Inspiration isn’t a thing; it’s a process. A reaction. Inspiration occurs when you bring together the things you love and actively take part in them. Think about them. Mull them over. For example, the novel I’m writing came about because I had just beaten Diablo 3, I was absently thinking about Harry Potter, and I walked outside to roll up my car’s windows just as a storm front rolled through. All of these things were in the beaker, and when the final element of a flash of lightning was added, they began to boil and bubble and change. They were no longer individual thoughts and concepts, they had transmogrified into a premise: “What if magic used to be real, but something turned it off? What if it started to come back today?”

All of that to say, if you’re blocked, if you’re stuck, don’t wait it out. You will never accomplish anything that way. Instead, go live life. Read a book in an unfamiliar genre. Eat somewhere you’ve never been. Change your scenery. Go see a movie. Look at something with a magnifying glass. Find the answer to a question you’ve always wondered but never remember to Google. Keep your brain active, keep it working. Keep your beaker filled, and eventually, lightning will strike.

P.S. Just because I know would be curious– it’s 3:13AM. I’m going to bed.

Paul Clouse is the editor of Hunting for God. After growing up in an Assemblies of God church, he attended Johnson Bible College for two years before dropping out. In the time since, he has more or less figured out the whole “adulthood” thing, gotten married, and holds a steady job by day and writes movie scripts by night. He currently resides in Knoxville, Tennessee with his wife Leah. HfG on FB


One response to “Dissolving Writer’s Block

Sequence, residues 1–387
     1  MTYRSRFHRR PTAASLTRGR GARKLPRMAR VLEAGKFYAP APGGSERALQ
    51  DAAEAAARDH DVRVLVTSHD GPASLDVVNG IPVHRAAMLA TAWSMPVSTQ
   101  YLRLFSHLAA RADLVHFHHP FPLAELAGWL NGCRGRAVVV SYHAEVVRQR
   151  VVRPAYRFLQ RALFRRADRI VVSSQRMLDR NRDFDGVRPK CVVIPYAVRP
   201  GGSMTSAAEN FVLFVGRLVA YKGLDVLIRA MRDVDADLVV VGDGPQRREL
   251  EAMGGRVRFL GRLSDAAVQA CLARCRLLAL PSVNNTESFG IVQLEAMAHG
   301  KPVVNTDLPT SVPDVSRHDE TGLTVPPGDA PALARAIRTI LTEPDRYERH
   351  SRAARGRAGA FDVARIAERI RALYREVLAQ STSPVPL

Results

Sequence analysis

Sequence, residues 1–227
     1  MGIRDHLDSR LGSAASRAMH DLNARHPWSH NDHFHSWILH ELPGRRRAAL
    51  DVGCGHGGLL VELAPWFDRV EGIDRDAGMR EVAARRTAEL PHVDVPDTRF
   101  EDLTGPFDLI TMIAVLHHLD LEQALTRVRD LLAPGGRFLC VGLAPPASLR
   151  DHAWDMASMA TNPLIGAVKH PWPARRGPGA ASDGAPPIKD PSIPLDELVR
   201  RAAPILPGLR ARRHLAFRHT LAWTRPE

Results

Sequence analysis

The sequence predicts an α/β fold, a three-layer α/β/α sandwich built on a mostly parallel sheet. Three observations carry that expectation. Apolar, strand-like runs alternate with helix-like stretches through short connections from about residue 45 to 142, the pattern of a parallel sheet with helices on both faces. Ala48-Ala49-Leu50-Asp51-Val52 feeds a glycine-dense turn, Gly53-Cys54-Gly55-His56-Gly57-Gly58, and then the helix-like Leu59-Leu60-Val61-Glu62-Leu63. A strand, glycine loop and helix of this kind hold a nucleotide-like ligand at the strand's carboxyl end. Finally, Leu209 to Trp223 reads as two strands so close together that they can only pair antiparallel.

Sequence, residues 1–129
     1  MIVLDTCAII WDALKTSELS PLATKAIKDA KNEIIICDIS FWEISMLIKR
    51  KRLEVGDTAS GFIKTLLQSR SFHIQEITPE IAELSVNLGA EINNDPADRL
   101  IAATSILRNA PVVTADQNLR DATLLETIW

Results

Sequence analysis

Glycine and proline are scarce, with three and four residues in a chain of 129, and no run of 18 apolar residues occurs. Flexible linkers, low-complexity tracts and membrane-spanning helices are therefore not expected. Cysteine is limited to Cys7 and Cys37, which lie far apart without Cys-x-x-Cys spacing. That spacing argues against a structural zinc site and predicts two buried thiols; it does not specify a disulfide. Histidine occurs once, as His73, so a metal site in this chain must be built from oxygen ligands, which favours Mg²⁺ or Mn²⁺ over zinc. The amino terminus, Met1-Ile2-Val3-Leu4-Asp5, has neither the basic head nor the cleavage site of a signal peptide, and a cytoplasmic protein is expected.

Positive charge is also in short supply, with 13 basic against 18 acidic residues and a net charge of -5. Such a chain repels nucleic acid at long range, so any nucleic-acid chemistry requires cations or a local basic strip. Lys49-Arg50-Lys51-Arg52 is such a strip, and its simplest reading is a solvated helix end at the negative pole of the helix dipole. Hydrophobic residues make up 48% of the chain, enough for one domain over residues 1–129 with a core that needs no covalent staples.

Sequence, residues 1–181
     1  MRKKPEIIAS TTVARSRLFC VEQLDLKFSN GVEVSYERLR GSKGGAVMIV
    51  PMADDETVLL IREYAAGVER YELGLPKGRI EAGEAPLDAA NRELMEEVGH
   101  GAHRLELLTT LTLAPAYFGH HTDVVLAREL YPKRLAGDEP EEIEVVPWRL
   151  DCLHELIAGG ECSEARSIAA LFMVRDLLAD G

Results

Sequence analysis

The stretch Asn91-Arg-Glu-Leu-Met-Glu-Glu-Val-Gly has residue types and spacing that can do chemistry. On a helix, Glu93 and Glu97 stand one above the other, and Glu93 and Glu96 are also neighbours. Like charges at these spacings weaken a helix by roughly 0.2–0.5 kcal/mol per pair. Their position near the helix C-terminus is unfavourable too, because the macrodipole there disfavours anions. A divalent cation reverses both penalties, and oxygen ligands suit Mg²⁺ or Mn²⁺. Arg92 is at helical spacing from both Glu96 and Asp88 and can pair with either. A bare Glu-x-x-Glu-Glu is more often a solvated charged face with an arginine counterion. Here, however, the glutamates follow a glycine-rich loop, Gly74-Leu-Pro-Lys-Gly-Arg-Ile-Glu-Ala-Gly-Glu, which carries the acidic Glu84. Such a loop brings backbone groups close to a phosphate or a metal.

1. SO TRUE! While I was blogging (my blog has been dormant now for over a year…I just can’t see to “go back there.” I’m not sure why) I learned that I am inspired by what inspires OTHER people. Color, stories, creative art, vintage camping, etc. However, often, although the inspiration seems to be there for other friends in the blogging world, it seems to NOT be there in MY world. What’s up with that?

    I quit the art blog during our “Year of HELL” which was 2011. For a YEAR we lived hand to mouth, unable to pay bills, and all the while I was looking for something, ANYthing to inspire me to write and/or create art. It was HARD. I had no money for “stuff” with which to create, but even more than that, felt absolutely NO inclination to do it. I was in SURVIVAL mode. I had no time for taking the right side of my brain to the playground when the left side was choking to death on the number crunching. I just couldn’t. Write. Create. Play. Give. AHA! That last thing? GIVE?! THIS was what I learned later keeps me inspired…

    I view creativity as a gift. And I want to give it away. ALL. The. TIME. Impossible when you’re tapped out. Good lesson to learn. Before I find things that inspire me I must find things that energize and refuel me. THEN inspiration comes…